15 Tips to Get Started in Sports Photography

Sports photography is a fast-paced world, and for that reason, it can be intimidating to those who haven't tried it. I want to tell you that there is no need to fear. Even if you struggle at first, you can learn to do very well shooting sports.

Below are 15 tips based on what I have learned photographing sporting events. I've shot a wide range of sports, from basketball, to downhill skiing, and even wheelchair fencing. These tips are generally true across all of these sports. Keep in mind that they are tips and not rules; you may make a great image by completely ignoring any of these. However, if you have an opportunity to shoot sports and don't know where to get started, or if you already shoot sports but are looking for help, give one or more of these tips a shot.

Shoot a little wider than normal

I've learned this one the hard way a few times. When shooting sports or any kind of action, you are dealing with moving subjects. This means that your compositions may become less than perfect as the subjects move. For instance, in basketball, if you frame the shot of a person taking a free throw, the second they jump to shoot, their arms and the ball will be out of frame. Shooting a little wider will help you capture everything, and allow you to crop to a good composition later on.

Use Aperture Priority mode

In order to freeze motion, you'll want a fast shutter speed. Why then, would I recommend aperture priority and not shutter priority? It's because setting my aperture to a wide setting, such as f/2.8, is going to give me the best possible shutter speed. If I use shutter priority and set my shutter speed to 1/500″ for instance, my camera will adjust the aperture to give me a balanced exposure. In some conditions, that may give the aperture of f/2.8. In others, it may give something else, like f/4. If I take the opposite approach, then in the first scenario, I will still have aperture of f/2.8 and shutter speed of 1/500, but in the second, brighter scenario, I will keep the f/2.8 aperture and my camera will give a shutter speed of 1/1000″. In addition to better shutter speeds, keeping a consistent aperture keeps a consistent look in your photos, and making sure that you are shooting fairly wide will help keep your subjects seperated from what is sometimes a busy background.

Why not shoot in manual? Well, of course, you can, and I know some of you insist that it is the only way to shoot. Manual makes a lot of sense in an environment where the light is consistent throughout, or if your light meter is not comprehending the scene well. Just don't be fooled into thinking that you have to shoot in manual. I shoot in manual plenty, but for most sports, I turn my dial to “A.”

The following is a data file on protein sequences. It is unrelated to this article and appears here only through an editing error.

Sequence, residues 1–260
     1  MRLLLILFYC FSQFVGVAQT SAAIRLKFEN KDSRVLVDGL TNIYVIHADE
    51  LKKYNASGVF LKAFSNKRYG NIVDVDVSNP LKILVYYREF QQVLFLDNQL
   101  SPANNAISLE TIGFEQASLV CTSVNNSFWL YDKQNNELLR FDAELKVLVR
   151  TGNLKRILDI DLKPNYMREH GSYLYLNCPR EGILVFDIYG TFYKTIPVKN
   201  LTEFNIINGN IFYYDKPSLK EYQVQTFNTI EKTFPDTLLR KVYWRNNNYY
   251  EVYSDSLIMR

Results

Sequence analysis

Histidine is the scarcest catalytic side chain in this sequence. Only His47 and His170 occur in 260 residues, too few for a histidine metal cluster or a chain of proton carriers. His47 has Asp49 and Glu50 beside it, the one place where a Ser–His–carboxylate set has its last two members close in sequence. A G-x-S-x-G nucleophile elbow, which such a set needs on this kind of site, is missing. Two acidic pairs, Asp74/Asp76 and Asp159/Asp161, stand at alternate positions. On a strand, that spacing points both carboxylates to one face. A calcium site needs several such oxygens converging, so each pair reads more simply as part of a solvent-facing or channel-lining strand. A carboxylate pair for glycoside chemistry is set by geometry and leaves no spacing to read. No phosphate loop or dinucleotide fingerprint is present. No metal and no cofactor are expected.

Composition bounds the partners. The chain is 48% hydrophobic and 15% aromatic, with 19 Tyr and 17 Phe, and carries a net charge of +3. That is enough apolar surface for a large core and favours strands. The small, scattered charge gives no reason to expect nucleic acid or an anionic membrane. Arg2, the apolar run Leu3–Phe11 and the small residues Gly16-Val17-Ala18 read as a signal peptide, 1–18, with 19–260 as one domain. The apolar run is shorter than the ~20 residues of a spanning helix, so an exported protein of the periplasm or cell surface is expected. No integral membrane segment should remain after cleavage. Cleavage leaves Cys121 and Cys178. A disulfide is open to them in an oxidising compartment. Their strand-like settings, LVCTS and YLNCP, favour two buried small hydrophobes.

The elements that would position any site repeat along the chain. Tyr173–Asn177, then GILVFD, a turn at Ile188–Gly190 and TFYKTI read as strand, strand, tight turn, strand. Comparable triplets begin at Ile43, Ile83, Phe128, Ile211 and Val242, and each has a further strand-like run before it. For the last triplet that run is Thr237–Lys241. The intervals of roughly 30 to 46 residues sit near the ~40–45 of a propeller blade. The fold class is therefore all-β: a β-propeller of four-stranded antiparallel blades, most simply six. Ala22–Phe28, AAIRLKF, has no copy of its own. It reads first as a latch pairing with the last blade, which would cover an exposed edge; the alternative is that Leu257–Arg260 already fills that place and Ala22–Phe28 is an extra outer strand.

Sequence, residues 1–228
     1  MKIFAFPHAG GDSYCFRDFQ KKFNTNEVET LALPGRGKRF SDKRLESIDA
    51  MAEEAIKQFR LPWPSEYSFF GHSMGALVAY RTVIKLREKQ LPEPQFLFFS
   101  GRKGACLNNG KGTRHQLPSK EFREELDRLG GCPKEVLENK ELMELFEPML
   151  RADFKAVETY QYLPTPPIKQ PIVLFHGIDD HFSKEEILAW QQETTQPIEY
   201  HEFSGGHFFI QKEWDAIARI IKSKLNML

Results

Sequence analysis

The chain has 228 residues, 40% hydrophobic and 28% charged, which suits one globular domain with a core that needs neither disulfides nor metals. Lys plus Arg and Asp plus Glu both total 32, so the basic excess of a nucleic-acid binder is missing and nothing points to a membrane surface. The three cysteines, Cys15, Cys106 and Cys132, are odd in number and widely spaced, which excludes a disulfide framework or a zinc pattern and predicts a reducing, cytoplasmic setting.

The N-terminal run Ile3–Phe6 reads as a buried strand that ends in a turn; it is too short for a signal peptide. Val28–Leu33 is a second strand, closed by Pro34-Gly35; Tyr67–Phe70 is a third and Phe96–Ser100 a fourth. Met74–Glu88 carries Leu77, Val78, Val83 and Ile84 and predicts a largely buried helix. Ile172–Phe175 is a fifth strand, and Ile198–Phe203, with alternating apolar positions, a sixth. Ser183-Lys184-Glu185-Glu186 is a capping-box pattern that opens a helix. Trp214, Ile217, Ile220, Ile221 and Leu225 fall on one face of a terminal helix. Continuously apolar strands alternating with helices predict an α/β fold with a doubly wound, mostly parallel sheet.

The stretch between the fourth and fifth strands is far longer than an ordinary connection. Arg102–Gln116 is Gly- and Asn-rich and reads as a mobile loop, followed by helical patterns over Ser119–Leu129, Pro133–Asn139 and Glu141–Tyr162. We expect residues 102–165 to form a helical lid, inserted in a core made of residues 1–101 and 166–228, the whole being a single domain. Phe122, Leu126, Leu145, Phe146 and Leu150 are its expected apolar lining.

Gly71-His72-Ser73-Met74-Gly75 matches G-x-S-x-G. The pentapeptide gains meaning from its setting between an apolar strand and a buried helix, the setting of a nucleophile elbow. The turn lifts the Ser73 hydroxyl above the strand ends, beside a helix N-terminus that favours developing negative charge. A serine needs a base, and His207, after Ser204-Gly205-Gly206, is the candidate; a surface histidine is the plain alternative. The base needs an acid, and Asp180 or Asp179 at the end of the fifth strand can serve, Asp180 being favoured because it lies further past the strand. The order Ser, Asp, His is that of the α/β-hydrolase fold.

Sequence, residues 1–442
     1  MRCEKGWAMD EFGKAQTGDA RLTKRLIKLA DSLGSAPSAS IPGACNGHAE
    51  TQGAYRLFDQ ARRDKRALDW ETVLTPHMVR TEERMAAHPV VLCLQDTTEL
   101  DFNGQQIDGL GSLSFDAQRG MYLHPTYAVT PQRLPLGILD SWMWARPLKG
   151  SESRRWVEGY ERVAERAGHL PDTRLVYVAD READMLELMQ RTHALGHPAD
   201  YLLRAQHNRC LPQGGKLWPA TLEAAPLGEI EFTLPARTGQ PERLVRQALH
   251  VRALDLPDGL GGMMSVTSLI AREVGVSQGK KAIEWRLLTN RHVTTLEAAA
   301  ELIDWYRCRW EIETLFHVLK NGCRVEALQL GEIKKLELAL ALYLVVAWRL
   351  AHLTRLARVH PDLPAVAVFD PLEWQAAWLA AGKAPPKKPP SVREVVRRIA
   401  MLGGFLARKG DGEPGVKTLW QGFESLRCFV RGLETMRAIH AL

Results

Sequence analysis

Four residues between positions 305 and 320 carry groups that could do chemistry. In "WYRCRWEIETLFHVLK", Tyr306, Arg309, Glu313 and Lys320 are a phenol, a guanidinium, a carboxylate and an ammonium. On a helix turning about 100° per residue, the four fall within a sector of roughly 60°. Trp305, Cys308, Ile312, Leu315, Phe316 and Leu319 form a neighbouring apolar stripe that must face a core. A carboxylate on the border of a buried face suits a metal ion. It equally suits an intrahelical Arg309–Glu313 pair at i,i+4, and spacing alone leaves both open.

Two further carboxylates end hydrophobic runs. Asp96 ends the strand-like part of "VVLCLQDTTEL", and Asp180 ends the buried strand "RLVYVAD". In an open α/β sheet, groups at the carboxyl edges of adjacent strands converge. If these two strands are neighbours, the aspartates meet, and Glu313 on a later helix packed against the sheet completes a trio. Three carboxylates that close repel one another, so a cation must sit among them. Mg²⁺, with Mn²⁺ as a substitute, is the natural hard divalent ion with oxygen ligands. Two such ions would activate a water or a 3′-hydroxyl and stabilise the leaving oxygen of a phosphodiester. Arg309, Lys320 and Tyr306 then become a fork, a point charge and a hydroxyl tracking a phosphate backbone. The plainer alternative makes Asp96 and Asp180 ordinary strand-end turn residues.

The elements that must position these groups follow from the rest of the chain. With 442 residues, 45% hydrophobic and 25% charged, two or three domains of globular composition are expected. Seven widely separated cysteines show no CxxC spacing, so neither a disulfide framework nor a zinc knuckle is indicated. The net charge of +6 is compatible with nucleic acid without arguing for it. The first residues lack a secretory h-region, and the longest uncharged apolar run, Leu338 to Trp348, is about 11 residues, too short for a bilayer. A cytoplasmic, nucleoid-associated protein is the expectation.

Show some motion

In general, when shooting sports, the goal is to freeze motion. As I mentioned, using a wide aperture and then setting an iso appropriate for the light level of the environment is the best way to do this. Depending on the sport, shutter speeds should be from the 1/500″ range to even the 1/2000″ if any automotive equipment is involved. Despite wanting to freeze motion, though, sometimes its good to let a bit show. Try to keep enough of the subject sharp that the image itself doesn't look blurry, but showing some motion in hands, feet, or a bit of a trail behind the person if they are running can give the photo some energy. Completely frozen race cars, for instance, just look like they are parked.

If you are shooting a high speed sport, panning is another technique you can try. Set your shutter a little slower (try 1/250″ and adjust from there), and follow your subject with your camera as you take the picture. You should have a fairly sharp subject with what looks like a moving background.

Focus on your subject's eyes

Of course, focusing on your subject's closest eye is a general rule of portraiture, and not necessarily a sports tip. The reason why it is important though is because everything is moving. It's hard to keep focus on the eye sometimes. When shooting sports, I put my focus point either in the center third, or the top third, vertically speaking, depending on where the eyes will be. In a sport like basketball or football, I would use the top third, unless you are shooting wider shots. As far as the horizontal focus point position, I usually select the center, and keep my subject in the center, knowing that I will crop a composition later. The exception to this is if I'm following action from one end of an area of play to the other, and I know that my subject will be in the right or left third. Once I have my focus point set, I keep my subject's eyes as close to that focus point as possible, moving my camera as the action moves.

Use the continuous/servo focus mode

Most cameras have two modes for the autofocus motor: one that focuses and then locks, and the other that focuses and continually adjusts as long as the shutter button is half pressed or the AF On (back button) is pressed. You'll want to use this second mode, often called servo mode, continuous focus, or AF-C. This allows you to follow the action with your focus point, and as long as your focus is engaged, the focus will adjust with the action.